In the past 20 years, sequels have been made to 80s franchises like “Rambo,” “Rocky,” “Die Hard” and “Indiana Jones.”
It just feels right that “Top Gun” joins the club.
“Maverick” follows the titular character (Tom Cruise) as he enters what looks to be the last stage of his career. Rather than move on to other ranks and jobs, Pete “Maverick” Mitchell has remained a captain in the United States Navy, with the decision based on his love of being a pilot.
At the request of Tom “Iceman” Kazansky (Val Kilmer), Maverick is taken off his current assignment as a test pilot for new aircraft and placed back in San Diego at Top Gun. He was chosen because he’s the only pilot with enough experience to train the top aviators in the country for a dangerous, nearly impossible mission. The situation is complicated by Maverick’s guilt, though, as his late wingman’s son Bradley (Miles Teller) is one of the pilots he intends to train.
Continue reading “REVIEW: Maverick’s new mission in ‘Top Gun’ sequel is worth seeing”
Sometimes you come across a movie where you ask “what the hell did I just watch?” when it gets done.
“The Tomorrow War” is one of those flicks.
The movie follows Dan Forester (Chris Pratt), a family man and retired soldier-turned school teacher in the year 2022. The story starts when the family watches a group of soldiers walk out of a portal on live TV. The soldiers inform those watching at home like the Foresters that they’re from the year 2051 where a massive war is taking place against aliens, and it’s not going well.
In order to push back against this threat, humanity developed a time bridge back to 2022 in order to get more fighters. The present day leaders agree to start a draft to send soldiers to the future and Forester ends up getting sent back into combat.
Continue reading “REVIEW: ‘The Tomorrow War’ weakened by convoluted concept”
This film features an amazing true story about brave individuals who volunteered to do daring work to hold back the German war machine in some of the darkest days for Europe in World War II.
One just wishes the movie was less dull.
The picture introduces British intelligence officer Vera Atkins (Stana Katic), who recruits candidates to help the French resistance communicate with each other and plan sabotage efforts. To do so, Atkins recruits Virginia Hall (Sarah Megan Thomas) and Noor Inayat Khan (Radhika Apte).
Atkins has the two young women go to two sections of France, with Khan focusing on radio communications and Hall planning sabotage efforts. Doing so isn’t easy, though, with Germany’s occupation forces everywhere.
Continue reading “REVIEW: ‘A Call to Spy’ is sadly underwhelming”
A major battle during the War in Afghanistan where United States soldiers were completely out numbered is featured in this 2020 war movie.
The picture is set 11 years ago, in the fall of 2009, and follows United States soldiers who are stationed at Combat Outpost Keating. Life for the soldiers is never easy, as the outpost was labeled indefensible.
Centered in a valley and with an enemy threat constantly looming, it is difficult to keep the outpost safe and secure. This becomes most apparent in early October, when more than 300 Taliban insurgents attacked the location in what’s called the Battle of Kamdesh.
Continue reading “REVIEW: After slow start, ‘The Outpost’ rallies for strong finish”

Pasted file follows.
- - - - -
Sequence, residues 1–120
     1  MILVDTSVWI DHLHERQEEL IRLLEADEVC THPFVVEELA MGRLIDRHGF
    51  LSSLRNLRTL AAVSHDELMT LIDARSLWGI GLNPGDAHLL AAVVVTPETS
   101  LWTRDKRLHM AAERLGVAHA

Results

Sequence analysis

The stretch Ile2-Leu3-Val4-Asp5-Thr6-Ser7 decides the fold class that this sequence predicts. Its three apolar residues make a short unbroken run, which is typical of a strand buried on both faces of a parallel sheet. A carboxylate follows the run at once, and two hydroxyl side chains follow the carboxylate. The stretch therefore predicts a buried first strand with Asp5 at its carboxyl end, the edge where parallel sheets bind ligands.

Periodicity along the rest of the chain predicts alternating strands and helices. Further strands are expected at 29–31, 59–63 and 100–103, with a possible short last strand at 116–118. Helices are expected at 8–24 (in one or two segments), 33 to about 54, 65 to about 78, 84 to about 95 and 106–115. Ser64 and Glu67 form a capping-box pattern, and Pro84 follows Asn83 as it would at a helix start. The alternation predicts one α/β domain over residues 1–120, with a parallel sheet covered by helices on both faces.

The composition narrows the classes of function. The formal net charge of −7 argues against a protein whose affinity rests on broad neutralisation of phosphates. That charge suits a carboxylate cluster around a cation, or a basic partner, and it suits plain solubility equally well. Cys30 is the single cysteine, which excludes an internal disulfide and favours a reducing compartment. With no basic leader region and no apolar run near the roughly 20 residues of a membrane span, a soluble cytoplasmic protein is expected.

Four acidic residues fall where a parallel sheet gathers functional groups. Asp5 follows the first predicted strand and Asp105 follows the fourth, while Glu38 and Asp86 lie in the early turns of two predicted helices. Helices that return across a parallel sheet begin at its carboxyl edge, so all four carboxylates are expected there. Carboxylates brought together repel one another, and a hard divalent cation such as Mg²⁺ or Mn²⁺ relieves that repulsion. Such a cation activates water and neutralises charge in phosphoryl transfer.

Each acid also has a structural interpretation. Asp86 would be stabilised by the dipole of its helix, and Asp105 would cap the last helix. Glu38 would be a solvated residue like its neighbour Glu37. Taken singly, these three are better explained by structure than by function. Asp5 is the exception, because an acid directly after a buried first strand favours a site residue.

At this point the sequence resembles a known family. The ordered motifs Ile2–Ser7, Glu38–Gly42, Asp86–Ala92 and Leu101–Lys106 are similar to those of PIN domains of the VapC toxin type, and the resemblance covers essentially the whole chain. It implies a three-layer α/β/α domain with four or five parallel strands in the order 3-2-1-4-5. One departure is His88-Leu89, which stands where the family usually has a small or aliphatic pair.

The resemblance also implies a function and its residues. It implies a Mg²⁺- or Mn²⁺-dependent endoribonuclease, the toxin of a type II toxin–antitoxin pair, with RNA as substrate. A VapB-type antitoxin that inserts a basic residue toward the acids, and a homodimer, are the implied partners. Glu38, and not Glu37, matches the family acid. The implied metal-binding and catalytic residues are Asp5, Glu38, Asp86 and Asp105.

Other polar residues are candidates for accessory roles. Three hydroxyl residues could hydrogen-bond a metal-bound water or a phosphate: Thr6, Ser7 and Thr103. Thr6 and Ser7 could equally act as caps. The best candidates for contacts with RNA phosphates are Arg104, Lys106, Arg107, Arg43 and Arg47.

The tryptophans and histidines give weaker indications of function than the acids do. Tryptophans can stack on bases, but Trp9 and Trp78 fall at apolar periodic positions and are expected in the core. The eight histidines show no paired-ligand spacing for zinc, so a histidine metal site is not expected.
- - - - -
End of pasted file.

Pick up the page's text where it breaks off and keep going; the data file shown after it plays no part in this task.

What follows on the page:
Tom Hanks returns to the World War II era in this feature, trading a mission to save a soldier after D-Day for escorting ships across the Atlantic Ocean.
“Greyhound” follows the Hanks character Captain Krause, who commands a destroyer named Greyhound. The craft is responsible for protecting supply ships from German UBoats as they make their way from the United States to the European Theatre.
Danger is always around the corner for the Greyhound. There’s a constant enemy threat lurking under the waves, which keeps the crew active throughout their mission. As a result, Krause has to remain alert and is required to be regularly giving orders.
Continue reading “REVIEW: Action and Hanks’ performance keep ‘Greyhound’ afloat”
Maybe Spike Lee should have used a five-part mini-series to tell the story of “Da 5 Bloods.”
This film, released recently on Netflix, is about four veterans who return to Vietnam decades after they fought in the war. The men who go to the country include Paul (Delroy Lindo), Otis (Clarke Peters), Eddie (Norm Lewis) and Melvin (Isiah Whitlock Jr.).
They journeyed to the country for two primary reasons. One is to return to the place where their friend and fellow soldier Norman (Chadwick Boseman) died to collect his remains and bring them back to the States. The other reason is to collect gold they found and buried there when they were soldiers. Joining them on this journey is Paul’s estranged son David (Jonathan Majors).
Continue reading “REVIEW: ‘Da 5 Bloods’ falters due to storytelling”
“1917:” (Or, the unexpected virtue of one continuous take).
This World War I film, directed by Sam Mendes, tells the story of Corporals Blake (Dean-Charles Chapman) and Schofield (George MacKay), who’re sent on a mission to call off a major attack on retreating German soldiers. The two protagonists are ordered to do so because the German forces are actually baiting the Allies into a trap.
To deliver the message, Blake and Schofield must cross a still active war-zone and the areas of France turned into a wasteland by the heavy trench warfare. The film is shot with one continuous take, following the characters all the way on their journey.
Continue reading “REVIEW: ‘1917’ takes viewers on a harrowing tour of World War I”